Anger Behind The Wheel - Transcript
A radio program about road rage.
Beth Williams: Welcome to Motoring Week. My name is Beth Williams and we have a full program for you this afternoon. Later on, we'll be taking a look at the very latest arrivals on the in-car satellite navigation market and talking exclusively to the head of mechanics in the Ferrari Formula One team. But first today, we will be speaking about the phenomenon that has, at some time or other, affected us all - road rage. You know the deal, some reckless, thoughtless motorist cuts in front of you on the highway or pulls out without looking and all of a sudden, the red mist descends and we seem to lose control of our thoughts and actions. Neil Adamson from the North West Motoring Association is here to speak to us today about road rage in general but in particular about a survey his organization has just carried out. Neil, welcome to the show.
Neil Adamson: Hi Beth.
Beth Williams: First off, I have to ask you. Do you ever feel road rage when you are out driving?
Neil Adamson: Haha, no, I don't. Thankfully, I manage to keep control of myself while behind the wheel although our survey's findings show that many of the motorists we encounter on the roads are only one minor accident away from losing their cool.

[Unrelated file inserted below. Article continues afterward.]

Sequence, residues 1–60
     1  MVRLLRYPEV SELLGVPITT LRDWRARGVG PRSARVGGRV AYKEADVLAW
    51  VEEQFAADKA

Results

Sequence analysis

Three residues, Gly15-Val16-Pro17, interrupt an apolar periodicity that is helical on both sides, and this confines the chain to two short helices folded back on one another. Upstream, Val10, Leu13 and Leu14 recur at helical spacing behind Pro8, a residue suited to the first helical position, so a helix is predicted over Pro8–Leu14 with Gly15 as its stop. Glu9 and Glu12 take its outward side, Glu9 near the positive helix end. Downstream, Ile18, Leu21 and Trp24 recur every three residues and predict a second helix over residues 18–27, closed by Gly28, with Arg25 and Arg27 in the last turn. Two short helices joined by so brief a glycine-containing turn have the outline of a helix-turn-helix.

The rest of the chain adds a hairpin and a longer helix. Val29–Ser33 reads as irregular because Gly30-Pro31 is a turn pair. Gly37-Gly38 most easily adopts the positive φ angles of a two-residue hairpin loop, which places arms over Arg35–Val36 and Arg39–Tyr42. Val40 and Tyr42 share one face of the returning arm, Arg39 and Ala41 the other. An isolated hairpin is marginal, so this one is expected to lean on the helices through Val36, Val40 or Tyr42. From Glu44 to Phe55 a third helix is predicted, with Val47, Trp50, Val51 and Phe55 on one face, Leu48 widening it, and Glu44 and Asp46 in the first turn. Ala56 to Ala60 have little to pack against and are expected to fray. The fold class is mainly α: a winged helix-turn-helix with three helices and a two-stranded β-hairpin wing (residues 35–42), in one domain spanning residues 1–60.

Beth Williams: Right, tell us something about your findings, Neil.
Neil Adamson: We asked the question, "Have you ever felt like getting out of your car and confronting a driver you considered to be at fault for an accident or traffic incident?" We were astonished to find that some 68% answered in the affirmative and some 23% actually had left their vehicle for some incident or another.
Beth Williams: Wow, those figures are high. There's clearly a lot of risk involved in acting like that, wouldn't you say?
Neil Adamson: Let's put it this way. Every year, some 40,000 motorists die on American roads. We have estimated that somewhere between one half and two thirds of those deaths occur in accidents which have some element of aggressive driving involved. It's been calculated that as many as one third of these aggressive driving related accidents involve a motor vehicle being used deliberately as a weapon.
Beth Williams: So the definition of road rage goes beyond what a lot of our listeners might assume, that is, for drivers to get angry at the maneuvers of another motorist and to physically confront them outside the vehicle.